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Office buildings in Toronto’s Financial District along Adelaide St. West on Sept 28.Fred Lum/The Globe and Mail

Claude Lavoie was director-general of economic studies and policy analysis at the Department of Finance from 2008 to 2023. He has represented Canada at OECD meetings and has received many honours, including the Queen’s Diamond Jubilee Medal.

It’s flu season and too many workers in Canada will have to choose between their health and their capacity to pay for groceries and rent. You may be surprised that this is a choice many Canadians have to make – close to half of private-sector workers don’t have paid sick days.

Not surprisingly, this proportion is higher for low-income and vulnerable workers. In accommodation and food services, where workers are in frequent contact with people (and their lunches), about 80 per cent of workers don’t have access to paid sick days. Their inability to stay home when they’re unwell means we all get sicker. The few who do have access to paid sick days get very few of them, often insufficient for their needs, and certainly below the 10-plus days offered in most OECD countries.

This needs to change.

There is a wealth of evidence that paid sick days likely advance business interests by reducing illness transmission at work, while reducing long-term costs for the health care system. Paid time off for sick workers benefits the wider economy.

Yet Canada is one of the only three advanced countries with no national mandatory paid time off. Late in 2022 the federal government introduced a law granting 10 paid sick days to all employees in federally regulated private sectors (e.g., airports, banks), but this covers only about 5 per cent of all workers. Most private-sector workers (95 per cent) are in provincially regulated sectors, and very few provinces mandate paid sick days. The three provinces that do are less generous than Ottawa and the allowance can’t cover the time off needed to get over a typical flu. British Columbia grants five days, Quebec two and PEI only one. Workers are thus left to the “goodwill” of employers for access to paid sick leaves.

This spring the Ontario Liberals introduced, for the third time, a bill that would give workers a minimum of 10 paid sick days. It’s likely this bill will be defeated by the Conservative-led government (like the two previous attempts), though it’s hard to understand how a political party claiming to defend common sense could be opposed. If workers can afford to stay home when they are sick, it reduces the spread of contagious illnesses and improves overall public health, thus lowering the strain on hospitals and other government-funded health care services.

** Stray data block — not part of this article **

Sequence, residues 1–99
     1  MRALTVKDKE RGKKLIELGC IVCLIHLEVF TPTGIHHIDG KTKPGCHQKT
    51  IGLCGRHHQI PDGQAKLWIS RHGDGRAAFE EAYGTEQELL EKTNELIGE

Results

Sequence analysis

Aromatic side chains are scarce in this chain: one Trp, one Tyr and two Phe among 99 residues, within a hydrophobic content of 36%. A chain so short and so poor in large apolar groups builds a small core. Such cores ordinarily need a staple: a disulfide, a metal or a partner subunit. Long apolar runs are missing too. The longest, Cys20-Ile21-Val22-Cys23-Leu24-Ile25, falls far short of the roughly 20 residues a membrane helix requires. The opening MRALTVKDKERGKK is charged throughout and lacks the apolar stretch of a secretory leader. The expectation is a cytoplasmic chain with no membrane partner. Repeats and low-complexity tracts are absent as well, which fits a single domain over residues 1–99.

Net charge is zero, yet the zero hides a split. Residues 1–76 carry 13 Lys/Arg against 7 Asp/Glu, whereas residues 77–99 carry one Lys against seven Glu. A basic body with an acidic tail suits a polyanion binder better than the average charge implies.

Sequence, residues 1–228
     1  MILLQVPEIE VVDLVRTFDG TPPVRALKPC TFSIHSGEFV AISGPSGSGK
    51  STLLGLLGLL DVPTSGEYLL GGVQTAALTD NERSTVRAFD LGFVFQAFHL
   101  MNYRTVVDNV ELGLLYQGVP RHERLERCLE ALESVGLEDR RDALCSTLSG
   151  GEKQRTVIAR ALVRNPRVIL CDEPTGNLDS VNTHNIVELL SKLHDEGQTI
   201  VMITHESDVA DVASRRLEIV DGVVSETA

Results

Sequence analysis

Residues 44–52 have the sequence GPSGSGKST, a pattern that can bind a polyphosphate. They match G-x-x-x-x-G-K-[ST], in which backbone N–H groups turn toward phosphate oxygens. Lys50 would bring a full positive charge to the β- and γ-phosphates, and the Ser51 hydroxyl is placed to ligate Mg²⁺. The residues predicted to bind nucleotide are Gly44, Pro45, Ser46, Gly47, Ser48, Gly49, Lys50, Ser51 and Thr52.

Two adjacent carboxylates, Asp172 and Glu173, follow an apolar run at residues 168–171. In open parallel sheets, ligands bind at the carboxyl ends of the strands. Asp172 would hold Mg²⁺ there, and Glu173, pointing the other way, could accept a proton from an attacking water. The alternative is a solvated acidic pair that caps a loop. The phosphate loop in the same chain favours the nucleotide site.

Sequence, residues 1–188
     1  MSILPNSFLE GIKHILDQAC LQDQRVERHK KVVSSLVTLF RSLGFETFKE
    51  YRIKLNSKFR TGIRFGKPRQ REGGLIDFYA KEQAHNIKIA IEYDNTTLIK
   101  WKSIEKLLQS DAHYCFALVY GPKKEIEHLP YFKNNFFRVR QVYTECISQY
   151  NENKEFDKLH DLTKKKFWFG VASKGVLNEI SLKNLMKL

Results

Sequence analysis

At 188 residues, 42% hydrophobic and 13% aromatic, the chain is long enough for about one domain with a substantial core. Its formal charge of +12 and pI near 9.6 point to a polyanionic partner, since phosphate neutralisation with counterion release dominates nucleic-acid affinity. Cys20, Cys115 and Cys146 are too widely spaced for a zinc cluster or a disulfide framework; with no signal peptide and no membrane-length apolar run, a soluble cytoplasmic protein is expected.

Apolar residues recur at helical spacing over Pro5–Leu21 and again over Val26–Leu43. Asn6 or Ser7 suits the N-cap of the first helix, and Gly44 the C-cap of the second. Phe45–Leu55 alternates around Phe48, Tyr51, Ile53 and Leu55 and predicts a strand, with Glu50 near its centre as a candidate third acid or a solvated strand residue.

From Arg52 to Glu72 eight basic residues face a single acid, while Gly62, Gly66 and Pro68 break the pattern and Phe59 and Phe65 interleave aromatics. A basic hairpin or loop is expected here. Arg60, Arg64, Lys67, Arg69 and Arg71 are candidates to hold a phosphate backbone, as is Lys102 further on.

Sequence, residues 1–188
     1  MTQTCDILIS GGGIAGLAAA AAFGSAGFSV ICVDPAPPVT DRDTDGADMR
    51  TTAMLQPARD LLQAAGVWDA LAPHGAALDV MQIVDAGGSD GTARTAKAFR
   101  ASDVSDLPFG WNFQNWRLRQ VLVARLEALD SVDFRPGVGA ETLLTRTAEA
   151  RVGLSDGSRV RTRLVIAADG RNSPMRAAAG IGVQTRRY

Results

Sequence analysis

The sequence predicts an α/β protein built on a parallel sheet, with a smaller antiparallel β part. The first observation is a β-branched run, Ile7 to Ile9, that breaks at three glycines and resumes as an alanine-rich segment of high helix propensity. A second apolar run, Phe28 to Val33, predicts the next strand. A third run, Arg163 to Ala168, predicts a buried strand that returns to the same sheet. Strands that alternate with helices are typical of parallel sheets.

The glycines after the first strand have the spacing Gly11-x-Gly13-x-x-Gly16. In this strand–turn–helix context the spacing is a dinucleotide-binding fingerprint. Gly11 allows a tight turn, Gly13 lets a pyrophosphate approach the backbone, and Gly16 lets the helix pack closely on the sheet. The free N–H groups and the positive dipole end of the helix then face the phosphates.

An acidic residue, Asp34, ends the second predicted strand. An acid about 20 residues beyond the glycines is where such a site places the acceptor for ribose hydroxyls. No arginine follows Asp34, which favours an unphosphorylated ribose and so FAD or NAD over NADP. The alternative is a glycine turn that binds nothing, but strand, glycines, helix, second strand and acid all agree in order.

But the benefits don’t just stop there. Studies show that employees with paid sick leave suffer from fewer workplace injuries and have better long-term health owing to increased use of preventive care. Taking time off while ill improves mental health and reduces stress by allowing employees to take care of their health - or their family’s health - without fear of income loss.

Paid sick leave also supports efforts to improve gender equality. It helps retain women in the work force because they tend to be the ones staying home when a member of the family is unwell.

Moreover, research finds that paid time off for sick workers has minimal, if any, negative impact on employment and wages. The costs for employers tend to be small. Follow-up surveys in regions where paid time off was introduced show that employers, including most small businesses, were not significantly affected.

Paid sick days may even make firms more productive: employees recover faster because they have adequate rest. There is also very little evidence suggesting that employees are shirking or abusing their leave entitlements. Studies show that employees rarely use all their paid sick days.

These are well-worn arguments for mandating paid time off for sick workers that we’ve heard for many years, from many corners of society: health experts, international organizations, policy think tanks, labour movements.

So why the opposition from the business lobby, which makes the argument that it increases costs, hurts competitiveness, and costs jobs?

Could the opposition be based on false premises, or perceived threats to the corporate bottom line?

It’s important to remember that the Canadian Federation of Independent Businesses naively predicted that enhancements to the CPP, in which obligations on the part of employers increased, would be a job-killer. Yet contrary to their fearmongering, the impact has been barely noticeable and the labour market has not suffered.

Leaving the fate of paid sick time off at its current status quo is not the answer. Governments should put the wider economy ahead of ill-informed business lobby demands. It’s just common sense.

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